The world of labor and employment law is always evolving at a rapid pace. In order to make sure that you stay on top of the latest developments, here is a quick review of the seven biggest stories from last month that all employers need to know about.
As 2016 winds down, we are entering into the prime season for holiday gatherings. Based on a recent study by the Society for Human Resource Management, approximately 65% of employers plan to host a holiday or end-of-year party. Although these parties can be a lot of fun, they can be hotbeds for potential employer liability. So, what can you do to reduce the potential for mishaps?
- Although Rule Can Still Be Challenged, December 1 Effective Date Is On Track11.30.16
On November 28, a Texas federal court judge issued a ruling that cleared the way for the whistleblower provisions of the new Occupational Safety and Health Administration (OSHA) Recordkeeping Rule to take effect as scheduled. While the ruling permits OSHA’s whistleblower requirements to take effect on December 1, 2016, the court’s decision does not determine whether OSHA’s controversial interpretations of this rule will ultimately be upheld in the long run, or whether the Trump administration will follow these interpretations.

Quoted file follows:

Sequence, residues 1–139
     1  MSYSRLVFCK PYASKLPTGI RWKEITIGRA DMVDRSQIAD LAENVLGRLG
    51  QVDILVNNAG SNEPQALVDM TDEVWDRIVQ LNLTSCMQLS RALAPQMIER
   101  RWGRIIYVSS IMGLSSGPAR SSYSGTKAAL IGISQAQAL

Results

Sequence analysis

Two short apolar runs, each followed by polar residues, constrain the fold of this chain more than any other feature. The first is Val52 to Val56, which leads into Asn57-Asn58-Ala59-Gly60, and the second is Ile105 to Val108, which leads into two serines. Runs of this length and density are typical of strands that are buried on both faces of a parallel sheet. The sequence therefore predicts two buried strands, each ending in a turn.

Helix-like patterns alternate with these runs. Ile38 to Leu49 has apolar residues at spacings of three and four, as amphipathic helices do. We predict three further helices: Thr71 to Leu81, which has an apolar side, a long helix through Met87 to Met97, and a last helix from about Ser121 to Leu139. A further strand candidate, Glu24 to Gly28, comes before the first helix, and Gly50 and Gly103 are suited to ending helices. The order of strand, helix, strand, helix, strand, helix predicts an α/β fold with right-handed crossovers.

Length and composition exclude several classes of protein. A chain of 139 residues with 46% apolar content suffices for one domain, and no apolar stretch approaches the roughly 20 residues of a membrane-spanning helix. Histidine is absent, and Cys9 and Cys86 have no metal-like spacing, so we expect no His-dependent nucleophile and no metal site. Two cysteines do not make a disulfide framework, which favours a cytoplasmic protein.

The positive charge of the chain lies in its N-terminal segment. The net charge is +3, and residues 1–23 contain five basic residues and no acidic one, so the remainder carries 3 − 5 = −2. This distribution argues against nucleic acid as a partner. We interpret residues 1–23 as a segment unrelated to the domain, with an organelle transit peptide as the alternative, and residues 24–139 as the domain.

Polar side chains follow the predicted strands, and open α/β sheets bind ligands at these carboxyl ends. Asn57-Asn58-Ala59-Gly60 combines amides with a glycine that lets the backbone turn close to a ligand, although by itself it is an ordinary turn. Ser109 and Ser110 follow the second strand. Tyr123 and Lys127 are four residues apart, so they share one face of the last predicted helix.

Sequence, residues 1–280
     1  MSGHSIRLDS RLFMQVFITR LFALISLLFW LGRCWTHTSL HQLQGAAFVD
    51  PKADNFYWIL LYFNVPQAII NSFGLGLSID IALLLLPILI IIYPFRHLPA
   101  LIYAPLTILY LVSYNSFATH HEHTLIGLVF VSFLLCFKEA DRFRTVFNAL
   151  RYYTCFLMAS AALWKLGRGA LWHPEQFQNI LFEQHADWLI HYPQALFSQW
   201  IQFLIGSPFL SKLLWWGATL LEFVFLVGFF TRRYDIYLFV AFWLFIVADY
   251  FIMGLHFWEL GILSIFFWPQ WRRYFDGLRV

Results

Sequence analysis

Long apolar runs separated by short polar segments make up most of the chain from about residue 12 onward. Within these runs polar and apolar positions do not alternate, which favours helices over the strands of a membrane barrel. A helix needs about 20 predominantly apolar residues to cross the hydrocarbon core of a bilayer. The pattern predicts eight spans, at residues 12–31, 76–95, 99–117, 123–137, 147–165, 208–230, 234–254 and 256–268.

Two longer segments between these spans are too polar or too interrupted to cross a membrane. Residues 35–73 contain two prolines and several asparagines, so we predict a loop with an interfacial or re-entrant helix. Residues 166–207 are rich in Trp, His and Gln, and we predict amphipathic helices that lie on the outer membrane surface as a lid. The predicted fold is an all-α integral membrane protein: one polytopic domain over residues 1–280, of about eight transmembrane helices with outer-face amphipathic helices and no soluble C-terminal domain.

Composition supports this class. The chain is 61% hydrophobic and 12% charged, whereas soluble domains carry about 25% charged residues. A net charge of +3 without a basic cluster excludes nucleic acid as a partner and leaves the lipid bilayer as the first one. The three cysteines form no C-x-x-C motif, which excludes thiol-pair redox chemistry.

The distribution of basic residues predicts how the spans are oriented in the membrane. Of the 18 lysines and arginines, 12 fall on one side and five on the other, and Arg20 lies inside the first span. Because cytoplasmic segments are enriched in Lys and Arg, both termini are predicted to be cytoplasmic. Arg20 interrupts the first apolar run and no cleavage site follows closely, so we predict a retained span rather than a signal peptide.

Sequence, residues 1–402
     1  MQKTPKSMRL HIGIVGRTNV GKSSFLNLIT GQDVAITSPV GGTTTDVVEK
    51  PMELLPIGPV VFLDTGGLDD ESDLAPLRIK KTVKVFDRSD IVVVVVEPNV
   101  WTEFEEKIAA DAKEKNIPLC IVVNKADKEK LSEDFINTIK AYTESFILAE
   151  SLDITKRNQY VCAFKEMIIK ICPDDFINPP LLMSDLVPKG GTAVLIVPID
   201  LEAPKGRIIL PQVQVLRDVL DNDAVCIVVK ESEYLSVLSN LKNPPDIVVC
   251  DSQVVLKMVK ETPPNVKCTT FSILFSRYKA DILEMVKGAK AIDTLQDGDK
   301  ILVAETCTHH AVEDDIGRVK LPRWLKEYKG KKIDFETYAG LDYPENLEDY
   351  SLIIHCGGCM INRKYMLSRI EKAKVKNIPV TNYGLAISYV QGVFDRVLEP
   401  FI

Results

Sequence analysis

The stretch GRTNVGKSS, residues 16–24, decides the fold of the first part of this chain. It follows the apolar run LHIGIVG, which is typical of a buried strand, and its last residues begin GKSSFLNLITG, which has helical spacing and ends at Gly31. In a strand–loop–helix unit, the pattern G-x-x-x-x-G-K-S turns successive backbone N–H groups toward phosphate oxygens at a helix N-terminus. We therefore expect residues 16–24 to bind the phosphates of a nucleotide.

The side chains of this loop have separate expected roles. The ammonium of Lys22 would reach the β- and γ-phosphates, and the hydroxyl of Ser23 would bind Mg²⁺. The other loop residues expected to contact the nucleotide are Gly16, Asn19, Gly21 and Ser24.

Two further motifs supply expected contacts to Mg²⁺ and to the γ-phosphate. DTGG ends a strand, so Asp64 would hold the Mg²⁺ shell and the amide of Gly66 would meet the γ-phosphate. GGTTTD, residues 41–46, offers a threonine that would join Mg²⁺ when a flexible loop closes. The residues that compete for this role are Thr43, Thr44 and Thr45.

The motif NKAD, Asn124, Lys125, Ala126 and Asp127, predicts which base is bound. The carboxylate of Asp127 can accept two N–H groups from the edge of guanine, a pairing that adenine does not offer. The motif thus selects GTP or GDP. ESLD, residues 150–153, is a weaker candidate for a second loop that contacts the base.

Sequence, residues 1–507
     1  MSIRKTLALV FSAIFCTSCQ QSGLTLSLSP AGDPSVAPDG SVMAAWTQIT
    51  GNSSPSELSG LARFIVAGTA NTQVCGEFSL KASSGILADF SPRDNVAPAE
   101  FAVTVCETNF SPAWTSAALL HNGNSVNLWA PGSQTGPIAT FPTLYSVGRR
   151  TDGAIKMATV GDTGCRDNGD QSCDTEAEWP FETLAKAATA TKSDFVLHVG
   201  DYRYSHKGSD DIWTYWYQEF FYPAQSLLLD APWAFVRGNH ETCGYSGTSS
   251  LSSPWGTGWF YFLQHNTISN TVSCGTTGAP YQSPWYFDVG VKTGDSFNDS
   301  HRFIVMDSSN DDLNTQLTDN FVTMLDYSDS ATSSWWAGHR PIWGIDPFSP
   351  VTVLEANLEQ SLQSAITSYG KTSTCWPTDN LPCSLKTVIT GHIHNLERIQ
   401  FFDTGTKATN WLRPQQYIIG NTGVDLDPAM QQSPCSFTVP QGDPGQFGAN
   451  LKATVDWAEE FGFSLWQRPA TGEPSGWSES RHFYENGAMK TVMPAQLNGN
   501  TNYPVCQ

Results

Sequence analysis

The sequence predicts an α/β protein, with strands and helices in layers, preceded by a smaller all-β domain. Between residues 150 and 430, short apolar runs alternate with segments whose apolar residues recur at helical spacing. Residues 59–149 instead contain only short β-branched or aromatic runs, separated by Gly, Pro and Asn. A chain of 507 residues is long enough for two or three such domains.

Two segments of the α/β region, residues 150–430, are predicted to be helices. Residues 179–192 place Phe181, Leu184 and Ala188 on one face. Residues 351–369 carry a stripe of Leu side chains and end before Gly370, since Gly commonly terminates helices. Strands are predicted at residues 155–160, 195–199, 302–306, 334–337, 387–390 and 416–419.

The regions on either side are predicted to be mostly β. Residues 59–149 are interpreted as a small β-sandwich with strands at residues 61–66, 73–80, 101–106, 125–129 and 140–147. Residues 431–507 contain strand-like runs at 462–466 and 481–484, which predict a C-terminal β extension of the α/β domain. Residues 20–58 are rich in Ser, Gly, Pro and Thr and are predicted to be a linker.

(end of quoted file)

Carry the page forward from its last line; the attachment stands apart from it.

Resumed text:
Employers are returning from their Thanksgiving holiday weekend grappling with thorny questions following last week’s surprising and momentous court decision preliminarily blocking the Department of Labor’s overtime rule from taking effect. Here are some answers to your most pressing questions from our firm’s thought leaders on the subject.
- Rules Will Not Take Effect On December 1; Future Thereafter Uncertain11.22.16
In a dramatic last-minute development, a federal judge in Texas today blocked the U.S. Department of Labor’s (USDOL’s) overtime rule from taking effect on December 1, handing an eleventh-hour victory to employers across the country. Agreeing with arguments posed by concerned states and business groups, the judge issued a preliminary injunction preventing the rules from being implemented on a nationwide basis.
This Monday after Thanksgiving – also known as Cyber Monday – is expected to be the largest online shopping day in history. Last year, an estimated 52% of Americans participated in Cyber Monday and spent over $3.1 billion, easily the busiest online shopping day of the year. The numbers are expected to rise even higher for 2016. A recent study predicted sales over $3.36 billion, an increase of almost 10% over last year’s figures.
- Controversial Rule Appears To Be All But Dead For Foreseeable Future11.16.16
Today a federal court judge delivered what could be the final nail in the coffin for the controversial persuader rule, which sought to force attorneys and their clients to report in open records the details of their confidential attorney-client relationships, and which would have complicated employers’ efforts to seek legal counsel in opposing and dealing with unions. District Court Judge Sam R. Cummings, sitting in the Northern District of Texas, today granted a permanent injunction will block the rule from going into effect on a nationwide basis.